In reality, the level of devolution that could be gained outside of the capital is probably fairly limited. The chances of England gaining its own parliament is said to be slim, and for good reason. Critics have warned it would create more bureaucracy, and that it is unnecessary to install another layer of governance. Furthermore, some think implementing an English parliament could lead to an increased number of southern Conservatives in Westminster. Whether or not that would be the case is unclear, but it certainly has some people concerned.
However, combined authorities of local councils is something that is likely to see growth. Reducing the amount of administration, staff, and costs by pooling resources is an attractive prospect for local authorities facing more cuts after bruising austerity measures during the last government. It is also something that many councils have already implemented in one form or another.
It certainly makes sense for local regions to have more devolution and greater power, after all local authorities are in the trenches; they know their area better than Westminster and they know what is needed. However, depending how devolution is enacted there is a danger of creating more red tape, waste, and potentially disempowering local councils, if fears about city mayors are to be believed. It is, therefore, important any devolution is decided by the local region it impacts.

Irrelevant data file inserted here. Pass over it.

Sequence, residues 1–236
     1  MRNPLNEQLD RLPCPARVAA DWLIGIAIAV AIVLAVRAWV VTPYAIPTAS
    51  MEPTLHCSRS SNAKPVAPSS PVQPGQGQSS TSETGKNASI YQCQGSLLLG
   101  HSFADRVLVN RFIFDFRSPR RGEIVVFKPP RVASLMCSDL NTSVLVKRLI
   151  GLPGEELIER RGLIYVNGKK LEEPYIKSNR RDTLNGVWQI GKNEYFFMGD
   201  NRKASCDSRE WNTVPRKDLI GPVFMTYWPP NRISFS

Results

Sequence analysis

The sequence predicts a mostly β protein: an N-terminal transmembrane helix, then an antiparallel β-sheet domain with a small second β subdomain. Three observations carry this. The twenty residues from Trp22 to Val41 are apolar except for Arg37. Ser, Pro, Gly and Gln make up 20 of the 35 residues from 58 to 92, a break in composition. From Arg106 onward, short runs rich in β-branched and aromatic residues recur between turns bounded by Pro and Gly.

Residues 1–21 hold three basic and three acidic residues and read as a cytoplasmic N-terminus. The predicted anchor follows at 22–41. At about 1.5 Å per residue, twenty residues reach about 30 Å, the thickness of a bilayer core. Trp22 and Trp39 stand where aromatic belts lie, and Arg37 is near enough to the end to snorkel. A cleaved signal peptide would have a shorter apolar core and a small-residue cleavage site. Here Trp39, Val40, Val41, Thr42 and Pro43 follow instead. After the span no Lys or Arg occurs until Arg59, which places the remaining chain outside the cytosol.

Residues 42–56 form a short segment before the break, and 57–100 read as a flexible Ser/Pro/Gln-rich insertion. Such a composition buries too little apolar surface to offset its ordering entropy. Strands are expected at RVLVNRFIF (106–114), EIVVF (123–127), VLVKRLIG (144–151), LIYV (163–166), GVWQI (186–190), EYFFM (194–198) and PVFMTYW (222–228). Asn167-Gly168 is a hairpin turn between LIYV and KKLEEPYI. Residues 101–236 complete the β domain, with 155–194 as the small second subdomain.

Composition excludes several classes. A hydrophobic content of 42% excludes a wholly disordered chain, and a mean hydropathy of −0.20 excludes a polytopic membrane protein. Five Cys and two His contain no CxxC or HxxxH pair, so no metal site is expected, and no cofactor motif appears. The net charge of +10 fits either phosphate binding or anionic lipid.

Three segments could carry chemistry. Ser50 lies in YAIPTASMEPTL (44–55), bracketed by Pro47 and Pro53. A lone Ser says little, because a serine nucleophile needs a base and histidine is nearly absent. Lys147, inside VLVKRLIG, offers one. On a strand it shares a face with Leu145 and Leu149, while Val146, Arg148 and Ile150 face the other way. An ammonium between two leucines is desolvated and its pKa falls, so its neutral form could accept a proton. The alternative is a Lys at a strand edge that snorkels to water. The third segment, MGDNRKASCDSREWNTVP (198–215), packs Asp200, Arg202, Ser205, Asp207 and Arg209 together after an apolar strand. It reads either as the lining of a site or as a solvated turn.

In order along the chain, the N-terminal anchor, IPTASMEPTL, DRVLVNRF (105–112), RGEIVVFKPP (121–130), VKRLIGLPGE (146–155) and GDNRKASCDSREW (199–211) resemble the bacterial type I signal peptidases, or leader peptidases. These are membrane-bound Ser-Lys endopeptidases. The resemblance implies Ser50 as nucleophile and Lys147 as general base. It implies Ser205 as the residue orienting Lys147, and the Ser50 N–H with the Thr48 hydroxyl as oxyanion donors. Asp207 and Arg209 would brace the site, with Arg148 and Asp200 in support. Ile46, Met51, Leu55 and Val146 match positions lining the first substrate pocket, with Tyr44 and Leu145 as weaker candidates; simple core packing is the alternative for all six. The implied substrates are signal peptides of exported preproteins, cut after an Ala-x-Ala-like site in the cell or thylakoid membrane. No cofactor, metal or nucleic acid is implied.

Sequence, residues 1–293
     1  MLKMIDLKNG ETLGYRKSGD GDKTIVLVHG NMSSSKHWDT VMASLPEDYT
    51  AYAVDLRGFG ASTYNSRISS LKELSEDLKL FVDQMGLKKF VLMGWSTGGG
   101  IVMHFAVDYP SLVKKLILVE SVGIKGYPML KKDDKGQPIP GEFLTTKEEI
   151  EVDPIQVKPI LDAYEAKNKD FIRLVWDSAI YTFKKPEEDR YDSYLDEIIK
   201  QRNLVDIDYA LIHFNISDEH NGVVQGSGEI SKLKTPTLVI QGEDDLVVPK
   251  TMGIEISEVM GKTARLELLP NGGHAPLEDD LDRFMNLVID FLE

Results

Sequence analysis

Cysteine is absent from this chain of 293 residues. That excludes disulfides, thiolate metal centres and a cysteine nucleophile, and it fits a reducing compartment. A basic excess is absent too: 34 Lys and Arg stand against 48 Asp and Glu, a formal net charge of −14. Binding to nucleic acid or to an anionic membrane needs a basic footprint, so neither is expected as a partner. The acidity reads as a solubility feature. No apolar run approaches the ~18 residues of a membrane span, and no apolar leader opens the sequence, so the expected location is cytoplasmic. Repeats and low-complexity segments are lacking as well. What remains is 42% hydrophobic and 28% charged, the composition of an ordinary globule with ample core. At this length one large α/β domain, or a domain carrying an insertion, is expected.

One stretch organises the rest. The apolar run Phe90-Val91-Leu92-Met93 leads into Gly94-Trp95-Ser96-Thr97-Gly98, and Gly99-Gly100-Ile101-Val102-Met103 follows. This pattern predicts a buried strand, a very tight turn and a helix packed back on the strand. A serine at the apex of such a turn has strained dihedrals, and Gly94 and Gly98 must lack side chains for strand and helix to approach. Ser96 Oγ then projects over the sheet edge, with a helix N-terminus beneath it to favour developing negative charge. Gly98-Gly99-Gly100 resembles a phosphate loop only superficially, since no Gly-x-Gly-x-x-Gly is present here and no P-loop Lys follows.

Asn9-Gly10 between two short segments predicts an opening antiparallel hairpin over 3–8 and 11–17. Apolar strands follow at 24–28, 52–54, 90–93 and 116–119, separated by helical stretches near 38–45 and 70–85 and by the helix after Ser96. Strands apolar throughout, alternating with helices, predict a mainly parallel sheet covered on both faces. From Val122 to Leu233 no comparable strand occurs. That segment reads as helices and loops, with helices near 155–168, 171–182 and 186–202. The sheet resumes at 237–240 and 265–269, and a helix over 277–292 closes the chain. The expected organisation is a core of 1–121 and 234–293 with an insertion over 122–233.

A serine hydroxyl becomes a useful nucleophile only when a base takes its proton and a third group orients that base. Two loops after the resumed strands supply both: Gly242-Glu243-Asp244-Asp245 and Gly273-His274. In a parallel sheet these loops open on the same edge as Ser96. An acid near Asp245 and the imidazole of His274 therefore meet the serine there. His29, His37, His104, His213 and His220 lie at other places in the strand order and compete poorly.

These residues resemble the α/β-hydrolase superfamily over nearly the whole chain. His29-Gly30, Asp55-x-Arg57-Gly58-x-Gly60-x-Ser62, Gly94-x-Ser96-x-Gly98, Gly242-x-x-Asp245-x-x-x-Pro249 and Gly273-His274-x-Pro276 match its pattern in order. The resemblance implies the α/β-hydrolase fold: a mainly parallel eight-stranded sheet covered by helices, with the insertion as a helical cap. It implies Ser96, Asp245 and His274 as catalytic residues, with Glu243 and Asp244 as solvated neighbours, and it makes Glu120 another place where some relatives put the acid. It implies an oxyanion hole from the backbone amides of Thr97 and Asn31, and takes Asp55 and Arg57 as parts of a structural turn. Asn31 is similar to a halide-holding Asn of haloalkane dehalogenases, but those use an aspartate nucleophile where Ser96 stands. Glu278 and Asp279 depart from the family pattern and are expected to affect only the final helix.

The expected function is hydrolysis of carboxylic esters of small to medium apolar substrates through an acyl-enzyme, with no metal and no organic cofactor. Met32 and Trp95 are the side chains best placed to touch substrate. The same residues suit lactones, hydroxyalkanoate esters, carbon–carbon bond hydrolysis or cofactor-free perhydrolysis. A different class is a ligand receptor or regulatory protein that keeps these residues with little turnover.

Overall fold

In reality, full devolution in England on the scale of Scotland or even Wales is unlikely to happen. It is also unlikely to spell the end of Westminster. There are certain elements of policy that need to be maintained by a central government to keep the UK safe. A central administration would have to retain control of areas that impact the entire union such as defence and foreign affairs, for example. Failure to do so could lead to fractured governance.
However, enabling councils to come together to improve efficiency and to manage regional affairs can only be a good thing in the long term. Devolution is without a doubt a step in the right direction and will enable local authorities to target areas that are important to their residents.